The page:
When it comes to teaching the alphabet in Kindergarten, it can still feel a little bit like throwing spaghetti at the wall. You try all the things hoping that one of them is the best way to teach the alphabet in Kindergarten and make it stick.
It doesn’t have to be that way, though!
These 6 tips for teaching the alphabet are tried and true for helping your kindergarteners learn the alphabet and letter sounds.
1. Introduce Letters By Their Sound
When it comes to reading, it’s important that students have a strong connection between a letter and its sound. We want our students to recognize that print represents sounds, and the best way to do that is to teach letter sounds first.
You might be thinking – how does that even work? How do I teach the letter sounds when I haven’t even shown students the letter yet?
Here’s what this looks like in my classroom:
When I introduce a new letter, I say, “We are learning a new sound today. That sound is /b/. Can you say /b/? /b/ like a bouncing basketball. Can you say /b/ as you pretend to bounce a basketball? B-b-b.”
Then, after we practice the sound, I teach the alphabet letter, “We spell the sound /b/ with the letter Bb. This is what a Bb looks like.”
Super simple, but this has a huge impact on students learning the alphabet!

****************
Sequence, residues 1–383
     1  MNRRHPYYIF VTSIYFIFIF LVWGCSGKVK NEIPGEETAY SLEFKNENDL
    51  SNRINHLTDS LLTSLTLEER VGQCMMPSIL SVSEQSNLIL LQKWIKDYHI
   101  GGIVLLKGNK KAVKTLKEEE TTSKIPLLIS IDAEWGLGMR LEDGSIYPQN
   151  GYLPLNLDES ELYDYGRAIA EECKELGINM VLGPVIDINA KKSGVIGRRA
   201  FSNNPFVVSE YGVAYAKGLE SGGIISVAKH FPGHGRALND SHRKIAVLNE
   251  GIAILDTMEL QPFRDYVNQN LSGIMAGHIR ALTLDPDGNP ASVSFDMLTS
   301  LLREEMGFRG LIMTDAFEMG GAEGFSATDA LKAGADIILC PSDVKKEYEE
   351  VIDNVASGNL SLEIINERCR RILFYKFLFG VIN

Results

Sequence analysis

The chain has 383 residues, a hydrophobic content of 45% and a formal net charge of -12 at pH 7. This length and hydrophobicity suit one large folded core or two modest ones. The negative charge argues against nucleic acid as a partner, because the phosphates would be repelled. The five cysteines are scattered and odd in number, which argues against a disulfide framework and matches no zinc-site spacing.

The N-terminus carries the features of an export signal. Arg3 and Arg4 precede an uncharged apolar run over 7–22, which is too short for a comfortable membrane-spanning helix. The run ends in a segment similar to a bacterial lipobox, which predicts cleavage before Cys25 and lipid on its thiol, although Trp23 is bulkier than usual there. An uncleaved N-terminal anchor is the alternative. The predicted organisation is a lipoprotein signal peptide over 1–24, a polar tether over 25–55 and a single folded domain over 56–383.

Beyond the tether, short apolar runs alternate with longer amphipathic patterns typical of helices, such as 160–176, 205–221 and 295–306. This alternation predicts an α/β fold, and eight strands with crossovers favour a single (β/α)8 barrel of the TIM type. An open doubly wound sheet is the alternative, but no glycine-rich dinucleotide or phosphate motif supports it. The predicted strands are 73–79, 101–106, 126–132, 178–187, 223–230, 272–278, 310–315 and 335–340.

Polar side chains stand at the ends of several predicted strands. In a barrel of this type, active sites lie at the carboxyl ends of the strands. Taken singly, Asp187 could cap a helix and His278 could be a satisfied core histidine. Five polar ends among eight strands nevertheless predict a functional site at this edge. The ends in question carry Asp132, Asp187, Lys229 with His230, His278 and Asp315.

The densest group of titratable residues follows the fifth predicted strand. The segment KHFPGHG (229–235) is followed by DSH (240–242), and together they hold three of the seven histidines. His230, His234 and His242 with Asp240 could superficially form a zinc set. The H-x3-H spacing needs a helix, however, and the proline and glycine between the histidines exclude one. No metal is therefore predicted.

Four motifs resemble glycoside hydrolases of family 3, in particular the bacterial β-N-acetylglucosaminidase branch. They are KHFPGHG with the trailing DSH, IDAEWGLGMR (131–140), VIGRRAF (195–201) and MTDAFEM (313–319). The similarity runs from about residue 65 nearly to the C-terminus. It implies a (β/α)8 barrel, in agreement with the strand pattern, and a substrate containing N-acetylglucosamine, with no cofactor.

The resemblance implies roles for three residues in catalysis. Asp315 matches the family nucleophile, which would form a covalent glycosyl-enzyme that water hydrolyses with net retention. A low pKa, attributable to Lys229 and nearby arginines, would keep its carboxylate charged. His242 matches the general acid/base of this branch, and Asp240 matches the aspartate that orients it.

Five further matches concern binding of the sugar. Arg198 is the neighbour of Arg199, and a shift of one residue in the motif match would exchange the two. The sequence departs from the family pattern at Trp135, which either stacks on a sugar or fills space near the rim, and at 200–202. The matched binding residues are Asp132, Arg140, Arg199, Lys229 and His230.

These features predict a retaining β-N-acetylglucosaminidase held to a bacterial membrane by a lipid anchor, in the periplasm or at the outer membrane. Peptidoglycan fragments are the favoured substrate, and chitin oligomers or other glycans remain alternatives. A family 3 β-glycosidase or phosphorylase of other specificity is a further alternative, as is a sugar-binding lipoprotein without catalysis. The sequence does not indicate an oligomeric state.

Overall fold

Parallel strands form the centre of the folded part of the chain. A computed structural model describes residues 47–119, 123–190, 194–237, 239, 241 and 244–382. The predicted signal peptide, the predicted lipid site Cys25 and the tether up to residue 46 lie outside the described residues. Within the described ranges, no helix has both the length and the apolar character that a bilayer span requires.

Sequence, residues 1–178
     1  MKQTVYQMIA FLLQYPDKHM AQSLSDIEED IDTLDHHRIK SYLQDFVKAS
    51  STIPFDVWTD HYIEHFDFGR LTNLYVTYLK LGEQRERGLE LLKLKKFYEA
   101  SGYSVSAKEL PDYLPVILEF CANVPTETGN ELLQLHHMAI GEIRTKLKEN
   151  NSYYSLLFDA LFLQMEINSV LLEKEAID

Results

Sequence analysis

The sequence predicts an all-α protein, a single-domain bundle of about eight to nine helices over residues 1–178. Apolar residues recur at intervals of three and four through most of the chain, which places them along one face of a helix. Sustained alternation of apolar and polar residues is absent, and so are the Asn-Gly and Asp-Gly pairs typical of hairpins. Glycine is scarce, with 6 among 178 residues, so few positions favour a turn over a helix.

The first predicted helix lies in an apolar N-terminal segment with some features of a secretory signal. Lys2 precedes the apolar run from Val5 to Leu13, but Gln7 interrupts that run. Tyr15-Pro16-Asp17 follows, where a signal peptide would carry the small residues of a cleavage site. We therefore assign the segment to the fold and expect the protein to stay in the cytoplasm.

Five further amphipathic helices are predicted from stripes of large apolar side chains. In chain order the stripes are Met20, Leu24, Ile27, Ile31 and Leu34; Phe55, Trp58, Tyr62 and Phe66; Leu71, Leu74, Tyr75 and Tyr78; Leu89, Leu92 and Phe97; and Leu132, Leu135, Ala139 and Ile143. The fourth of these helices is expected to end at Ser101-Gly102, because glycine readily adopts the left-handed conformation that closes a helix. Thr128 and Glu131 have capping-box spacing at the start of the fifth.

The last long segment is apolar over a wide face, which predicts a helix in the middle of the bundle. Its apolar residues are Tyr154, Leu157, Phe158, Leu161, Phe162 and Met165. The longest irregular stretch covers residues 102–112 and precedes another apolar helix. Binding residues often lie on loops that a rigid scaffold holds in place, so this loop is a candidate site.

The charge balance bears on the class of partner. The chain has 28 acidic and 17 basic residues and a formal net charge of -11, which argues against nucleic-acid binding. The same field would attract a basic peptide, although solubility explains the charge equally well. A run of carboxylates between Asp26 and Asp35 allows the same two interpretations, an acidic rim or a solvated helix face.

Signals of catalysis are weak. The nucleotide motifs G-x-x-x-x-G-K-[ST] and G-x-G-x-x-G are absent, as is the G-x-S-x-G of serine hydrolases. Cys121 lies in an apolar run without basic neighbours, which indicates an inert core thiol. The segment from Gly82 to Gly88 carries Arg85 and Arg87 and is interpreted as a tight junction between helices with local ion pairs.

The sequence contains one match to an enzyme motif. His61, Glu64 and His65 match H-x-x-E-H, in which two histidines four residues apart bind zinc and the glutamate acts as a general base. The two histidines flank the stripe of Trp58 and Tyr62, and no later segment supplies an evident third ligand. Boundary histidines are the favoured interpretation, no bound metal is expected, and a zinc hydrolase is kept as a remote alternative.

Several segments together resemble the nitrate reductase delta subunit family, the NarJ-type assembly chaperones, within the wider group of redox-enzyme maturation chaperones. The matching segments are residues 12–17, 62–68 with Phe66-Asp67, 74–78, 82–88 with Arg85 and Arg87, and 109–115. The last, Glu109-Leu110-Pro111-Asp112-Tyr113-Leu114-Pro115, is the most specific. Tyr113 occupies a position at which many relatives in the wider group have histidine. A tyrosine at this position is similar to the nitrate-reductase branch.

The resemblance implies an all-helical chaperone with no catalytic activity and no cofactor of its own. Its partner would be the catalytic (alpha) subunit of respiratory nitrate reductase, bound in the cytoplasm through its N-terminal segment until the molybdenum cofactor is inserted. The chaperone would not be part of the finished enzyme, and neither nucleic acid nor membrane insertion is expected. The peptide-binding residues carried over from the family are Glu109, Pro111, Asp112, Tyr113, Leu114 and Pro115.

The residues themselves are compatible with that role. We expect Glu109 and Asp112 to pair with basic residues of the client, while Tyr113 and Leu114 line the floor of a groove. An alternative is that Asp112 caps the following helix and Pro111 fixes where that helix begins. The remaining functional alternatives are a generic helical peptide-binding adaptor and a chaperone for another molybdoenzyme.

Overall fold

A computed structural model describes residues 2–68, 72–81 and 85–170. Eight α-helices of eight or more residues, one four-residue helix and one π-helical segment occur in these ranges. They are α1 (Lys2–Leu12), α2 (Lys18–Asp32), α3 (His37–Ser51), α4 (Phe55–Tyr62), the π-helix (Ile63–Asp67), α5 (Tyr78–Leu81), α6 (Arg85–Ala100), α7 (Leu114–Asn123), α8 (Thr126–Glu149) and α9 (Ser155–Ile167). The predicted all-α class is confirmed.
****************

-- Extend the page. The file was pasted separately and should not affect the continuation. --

This then leads into my next tip:
2. Use Real Photos Whenever Possible
If you have students who are English Language Learners or have a language delay or low background knowledge (and you most likely do), then using real photos to introduce vocabulary is essential.
However, using real photos to when teaching the alphabet in Kindergarten is beneficial to all of your students!
Reading text is not something that comes naturally to humans. Our brains are wired to remember images. So if students can connect a word to a real image, it’s much easier for their brains to make a connection.
After introducing the letter sound and letter, the next step for teaching the alphabet is introducing vocabulary words that start with that letter.
In my kindergarten classroom, this looks like: “This is a bear. Bear begins with /b/. Do you remember how we spell /b/? That’s right, Bb! Repeat after me – B, bear, /b/.”
We repeat that with multiple pictures and vocabulary words that begin with the target letter.
3. Use a Multi-Sensory Approach
When teaching the alphabet in Kindergarten, it is important to incorporate as many parts of the brain as possible to help build those connections.
One easy way to do this is to add in alphabet hand motions! And if you can make those alphabet motions cross the midline, even better.
Our alphabet hand motions relate the the letter sound. For example, when we learn the letter Bb, we say /b/ while bouncing a ball.
Make sure that the alphabet motions that you choose are meaningful to your students. You wouldn’t want students to make yak horns while saying the /y/ sound if they’ve never seen a yak before!
4. Expose Students To a Variety of Fonts
When teaching each letter of the alphabet, of course we want properly-formed, printed letters.